He commissioned the 2015 RIBA Award winner Flint House[34] on the Waddesdon Manor estate in Buckinghamshire, UK. Rothschild donated the property to the Rothschild Foundation which manages the rest of the estate for the National Trust.

The estate has been a venue for visiting heads of state including Presidents Ronald Reagan and Bill Clinton.[citation needed] Margaret Thatcher received French President François Mitterrand there at a summit in 1990.[citation needed] It hosted the European Economic Round Table conference in 2002, organised by Warren Buffett and attended by James Wolfensohn, former president of the World Bank, and Arnold Schwarzenegger.[35]

Honours and awards[edit]

In United Kingdom[edit]

In the United States[edit]

  • The Hadrian Award from the World Monuments Fund - 1995
  • The Classical America – Arthur Ross Award 1998
  • The Iris Foundation Award – the BARD Institute 1999
  • The Golden Plate Award of the American Academy of Achievement 2000[42]
  • The Centennial Medal of the American Academy in Rome - 2002
  • The Kennedy Center's International Committee Lifetime Achievement Gold Medal in the Arts Award 2006
  • Royal Oak Foundation "Timeless Design Award" - 2009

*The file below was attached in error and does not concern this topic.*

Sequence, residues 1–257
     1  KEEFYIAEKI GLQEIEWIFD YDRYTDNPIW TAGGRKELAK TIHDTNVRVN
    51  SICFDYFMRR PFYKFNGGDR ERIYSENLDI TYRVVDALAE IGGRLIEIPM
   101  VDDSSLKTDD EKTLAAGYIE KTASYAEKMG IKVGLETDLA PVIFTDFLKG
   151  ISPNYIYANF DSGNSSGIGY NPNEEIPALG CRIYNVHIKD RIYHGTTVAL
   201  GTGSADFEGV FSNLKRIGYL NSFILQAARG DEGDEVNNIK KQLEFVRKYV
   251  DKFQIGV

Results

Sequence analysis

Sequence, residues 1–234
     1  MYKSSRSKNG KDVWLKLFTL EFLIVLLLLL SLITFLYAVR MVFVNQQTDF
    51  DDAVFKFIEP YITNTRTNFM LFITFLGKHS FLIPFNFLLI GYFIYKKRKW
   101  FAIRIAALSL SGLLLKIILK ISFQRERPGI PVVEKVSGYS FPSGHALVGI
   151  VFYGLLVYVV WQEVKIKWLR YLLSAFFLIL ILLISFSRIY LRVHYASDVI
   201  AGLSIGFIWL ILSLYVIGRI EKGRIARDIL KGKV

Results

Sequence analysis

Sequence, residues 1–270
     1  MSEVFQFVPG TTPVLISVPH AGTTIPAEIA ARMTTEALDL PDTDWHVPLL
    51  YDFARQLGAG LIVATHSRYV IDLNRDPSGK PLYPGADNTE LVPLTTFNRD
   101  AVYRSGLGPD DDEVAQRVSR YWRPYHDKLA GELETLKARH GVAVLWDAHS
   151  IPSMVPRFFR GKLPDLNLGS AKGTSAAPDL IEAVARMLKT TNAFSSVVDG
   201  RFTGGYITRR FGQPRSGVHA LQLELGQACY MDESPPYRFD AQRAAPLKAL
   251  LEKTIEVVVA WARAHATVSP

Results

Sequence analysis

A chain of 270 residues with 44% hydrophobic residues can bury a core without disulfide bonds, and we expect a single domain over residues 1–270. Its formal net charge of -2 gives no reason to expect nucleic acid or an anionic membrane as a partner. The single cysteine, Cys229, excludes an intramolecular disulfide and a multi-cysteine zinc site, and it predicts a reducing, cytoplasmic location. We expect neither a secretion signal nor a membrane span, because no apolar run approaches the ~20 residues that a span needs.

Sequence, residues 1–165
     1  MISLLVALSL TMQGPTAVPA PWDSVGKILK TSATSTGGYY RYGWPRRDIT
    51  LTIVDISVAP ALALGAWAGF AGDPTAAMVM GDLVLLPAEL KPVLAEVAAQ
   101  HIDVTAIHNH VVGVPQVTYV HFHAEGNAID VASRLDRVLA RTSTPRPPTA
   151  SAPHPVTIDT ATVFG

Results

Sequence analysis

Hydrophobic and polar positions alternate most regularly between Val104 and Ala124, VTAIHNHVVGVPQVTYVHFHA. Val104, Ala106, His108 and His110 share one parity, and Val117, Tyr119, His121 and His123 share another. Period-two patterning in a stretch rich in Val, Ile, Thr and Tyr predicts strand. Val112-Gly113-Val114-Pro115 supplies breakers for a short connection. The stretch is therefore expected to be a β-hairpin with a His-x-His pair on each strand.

• The J. Paul Getty Medal - 2014

In Continental Europe[edit]

In Israel[edit]

  • The Sir Winston Churchill Award (2004)
  • The Weizmann Award (50th Anniversary of the State of Israel)
  • Honorary degree from the Hebrew University of Jerusalem
  • Honorary fellowships from City of Jerusalem and the Israel Museum, the Commonwealth Jewish Council Award.


Coat of arms of Jacob Rothschild, 4th Baron Rothschild
Great coat of arms of Rothschild family.svg
Coat of arms of the Rothschild family
A coronet of a Baron
1st (centre): issuant from a Ducal Coronet Or an Eagle displayed Sable; 2nd (dexter): out of a Ducal Coronet Or between open Buffalo Horns per fess Or and Sable a Mullet of six points Or; 3rd (sinister): out of a Ducal Coronet Or three Ostrich Feathers the centre one Argent the exterior ones Azure
Quarterly: 1st, Or an Eagle displayed Sable langued Gules; 2nd and 3rd, Azure issuing from the dexter and sinister sides of the shield an Arm embowed proper grasping five Arrows points to the base Argent; 4th, Or a Lion rampant proper langued gules; over all an Escutcheon Gules thereon a Target the point to the dexter proper